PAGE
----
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Original Research: SLEEP MEDICINE |

Increased Risk of Lost Workdays Prior to the Diagnosis of Sleep Apnea

Noora Sjösten, PhD; Jussi Vahtera, MD, PhD; Paula Salo, PhD; Tuula Oksanen, MD; Tarja Saaresranta, MD, PhD; Marianna Virtanen, PhD; Jaana Pentti, BSci; Mika Kivimäki, PhD
Author and Funding Information

From the Finnish Institute of Occupational Health (Drs. Sjösten, Vahtera, Salo, Oksanen, and Ms. Pentti), Turku Finland; the Finnish Institute of Occupational Health (Dr. Virtanen), Helsinki, Finland; the Department of Epidemiology and Public Health (Dr. Kivimäki), University College London, London, UK; and the Department of Pulmonary Diseases and Sleep Research Unit (Dr. Saaresranta), Department of Physiology, University of Turku, Turku, Finland.

Correspondence to: Noora Sjösten, PhD, Finnish Institute of Occupational Health, Lemminkäisenkatu 14-18b, 20520 Turku, Finland; e-mail: noora.sjosten@ttl.fi


This work was performed at the Finnish Institute of Occupational Health, Finland.

This study was supported by the Social Insurance Institution of Finland, and the Academy of Finland (projects No. 117 604, No. 124 271, No. 124 322, No. 126 602, No. 129 262, and No. 129 264).

Dr. Saaresranta has received a total of €2,100 due to presentations in national symposia for Boehringer Ingelheim, Finland; Resmed Finland; and MSD Finland. Drs. Sjösten, Vahtera, Salo, Oksanen, Virtanen and Kivimäki, and Ms. Pentti have reported to the ACCP that no significant conflicts of interest exist with any companies/organizations whose products or services may be discussed in this article.

Reproduction of this article is prohibited without written permission from the American College of Chest Physicians (www.chestjournal.org/site/misc/reprints.xhtml).


© 2009 American College of Chest Physicians


Chest. 2009;136(1):130-136. doi:10.1378/chest.08-2201
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Background:  The impact of sleep apnea on work disability, in terms of sickness absence and disability pension, is unclear. We sought to estimate the total number of lost workdays caused by sleep apnea either due to medically certified sickness absences or disability pensions during the 5 years prior to the year of a sleep apnea diagnosis.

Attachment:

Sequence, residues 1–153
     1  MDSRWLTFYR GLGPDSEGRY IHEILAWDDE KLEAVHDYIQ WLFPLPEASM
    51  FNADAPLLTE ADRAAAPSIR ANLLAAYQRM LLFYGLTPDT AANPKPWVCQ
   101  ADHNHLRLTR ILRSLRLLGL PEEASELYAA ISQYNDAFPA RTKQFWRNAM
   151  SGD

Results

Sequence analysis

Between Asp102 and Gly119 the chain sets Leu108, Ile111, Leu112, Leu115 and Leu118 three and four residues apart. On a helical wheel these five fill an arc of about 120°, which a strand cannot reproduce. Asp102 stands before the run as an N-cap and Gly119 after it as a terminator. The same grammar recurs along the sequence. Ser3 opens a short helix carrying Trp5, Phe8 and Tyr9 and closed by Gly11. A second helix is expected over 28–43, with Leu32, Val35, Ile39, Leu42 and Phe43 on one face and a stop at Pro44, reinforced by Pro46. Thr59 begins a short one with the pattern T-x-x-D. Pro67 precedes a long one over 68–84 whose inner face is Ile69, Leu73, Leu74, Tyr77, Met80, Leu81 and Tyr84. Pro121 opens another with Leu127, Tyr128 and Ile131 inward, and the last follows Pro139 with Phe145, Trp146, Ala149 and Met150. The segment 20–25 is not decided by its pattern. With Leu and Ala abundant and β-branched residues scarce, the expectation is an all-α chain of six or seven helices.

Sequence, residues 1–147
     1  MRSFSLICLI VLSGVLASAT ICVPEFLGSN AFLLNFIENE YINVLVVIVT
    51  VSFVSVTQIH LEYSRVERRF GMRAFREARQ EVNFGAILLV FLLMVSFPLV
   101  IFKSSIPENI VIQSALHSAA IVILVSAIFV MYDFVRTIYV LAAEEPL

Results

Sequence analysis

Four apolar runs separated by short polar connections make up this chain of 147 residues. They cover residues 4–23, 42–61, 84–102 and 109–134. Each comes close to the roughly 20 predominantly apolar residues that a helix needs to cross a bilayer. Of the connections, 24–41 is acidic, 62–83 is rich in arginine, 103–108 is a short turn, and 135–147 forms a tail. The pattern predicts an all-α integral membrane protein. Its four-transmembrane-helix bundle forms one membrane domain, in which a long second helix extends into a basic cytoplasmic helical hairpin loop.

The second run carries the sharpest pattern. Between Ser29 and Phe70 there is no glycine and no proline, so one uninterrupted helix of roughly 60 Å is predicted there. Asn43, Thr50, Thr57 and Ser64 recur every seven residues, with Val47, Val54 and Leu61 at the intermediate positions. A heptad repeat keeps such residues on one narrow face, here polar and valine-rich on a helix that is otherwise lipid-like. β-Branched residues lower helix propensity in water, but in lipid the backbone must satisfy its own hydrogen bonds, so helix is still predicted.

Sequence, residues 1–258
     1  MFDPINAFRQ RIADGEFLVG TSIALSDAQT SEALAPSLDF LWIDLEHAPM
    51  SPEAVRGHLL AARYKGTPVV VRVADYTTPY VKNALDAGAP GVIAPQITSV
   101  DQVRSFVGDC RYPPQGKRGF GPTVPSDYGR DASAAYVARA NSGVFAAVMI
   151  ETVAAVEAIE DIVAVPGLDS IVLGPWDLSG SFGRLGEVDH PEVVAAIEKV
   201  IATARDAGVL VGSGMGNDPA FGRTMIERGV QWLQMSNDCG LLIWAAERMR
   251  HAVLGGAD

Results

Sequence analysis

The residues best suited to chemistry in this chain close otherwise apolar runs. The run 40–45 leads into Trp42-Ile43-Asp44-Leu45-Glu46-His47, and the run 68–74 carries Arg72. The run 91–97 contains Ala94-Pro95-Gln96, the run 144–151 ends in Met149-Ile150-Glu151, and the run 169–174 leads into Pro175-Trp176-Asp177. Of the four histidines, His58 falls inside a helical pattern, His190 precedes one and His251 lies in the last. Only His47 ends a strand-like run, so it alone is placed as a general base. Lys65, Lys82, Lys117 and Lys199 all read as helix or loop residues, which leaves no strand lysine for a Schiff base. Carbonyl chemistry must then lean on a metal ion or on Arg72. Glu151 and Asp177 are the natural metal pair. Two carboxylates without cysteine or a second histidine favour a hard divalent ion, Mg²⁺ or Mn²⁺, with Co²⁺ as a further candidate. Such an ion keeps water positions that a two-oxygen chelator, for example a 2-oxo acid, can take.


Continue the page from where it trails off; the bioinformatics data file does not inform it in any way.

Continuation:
Methods:  This is a register-linkage case-control study of Finnish public sector employees who had received a diagnosis of sleep apnea between 1995 and 2005 (n = 957) and randomly selected control subjects who had not received a diagnosis of sleep apnea (n = 4,785), matched for age, gender, socioeconomic position, type of employment, and organization. The annual sum of lost workdays, due to either medically certified sickness absences or disability pensions prior to diagnosis, was calculated for each participant (mean follow-up time, 5 years).

Results:  After adjustment for comorbid conditions (eg, hypertension, ischemic heart disease, diabetes, asthma/other chronic lung disease, and depression), an increased risk of lost workdays was found in employees in whom sleep apnea developed compared to control subjects (rate ratio [RR], 1.61; 95% confidence interval [CI], 1.24 to 2.09 in men; and RR, 1.80; 95% CI, 1.43 to 2.28 in women). In women, the excess risk was already pronounced 5 years prior to the year of diagnosis, whereas in men the highest risk was noticed 1 year before the year of diagnosis.

Conclusion:  Sleep apnea may severely threaten work ability years before diagnosis. These results emphasize the importance of the early identification and treatment of employees with sleep apnea.

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